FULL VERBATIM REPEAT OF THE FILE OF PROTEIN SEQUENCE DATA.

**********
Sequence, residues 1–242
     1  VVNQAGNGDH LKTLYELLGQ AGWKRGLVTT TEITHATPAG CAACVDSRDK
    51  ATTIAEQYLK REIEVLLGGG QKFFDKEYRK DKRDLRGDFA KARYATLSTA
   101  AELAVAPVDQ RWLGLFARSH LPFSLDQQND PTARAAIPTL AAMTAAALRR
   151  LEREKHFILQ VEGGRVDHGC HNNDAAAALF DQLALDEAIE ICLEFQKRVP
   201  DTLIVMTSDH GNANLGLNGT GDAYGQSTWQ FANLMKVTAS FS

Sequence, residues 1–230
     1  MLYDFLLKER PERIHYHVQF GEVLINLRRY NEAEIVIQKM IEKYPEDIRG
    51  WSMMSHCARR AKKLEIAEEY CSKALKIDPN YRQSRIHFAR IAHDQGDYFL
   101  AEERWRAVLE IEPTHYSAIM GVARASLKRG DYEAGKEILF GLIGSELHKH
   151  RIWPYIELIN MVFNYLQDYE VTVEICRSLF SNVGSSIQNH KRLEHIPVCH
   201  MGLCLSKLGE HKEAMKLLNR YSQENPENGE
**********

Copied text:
Sequence, residues 1–242
     1  VVNQAGNGDH LKTLYELLGQ AGWKRGLVTT TEITHATPAG CAACVDSRDK
    51  ATTIAEQYLK REIEVLLGGG QKFFDKEYRK DKRDLRGDFA KARYATLSTA
   101  AELAVAPVDQ RWLGLFARSH LPFSLDQQND PTARAAIPTL AAMTAAALRR
   151  LEREKHFILQ VEGGRVDHGC HNNDAAAALF DQLALDEAIE ICLEFQKRVP
   201  DTLIVMTSDH GNANLGLNGT GDAYGQSTWQ FANLMKVTAS FS

Sequence, residues 1–230
     1  MLYDFLLKER PERIHYHVQF GEVLINLRRY NEAEIVIQKM IEKYPEDIRG
    51  WSMMSHCARR AKKLEIAEEY CSKALKIDPN YRQSRIHFAR IAHDQGDYFL
   101  AEERWRAVLE IEPTHYSAIM GVARASLKRG DYEAGKEILF GLIGSELHKH
   151  RIWPYIELIN MVFNYLQDYE VTVEICRSLF SNVGSSIQNH KRLEHIPVCH
   201  MGLCLSKLGE HKEAMKLLNR YSQENPENGE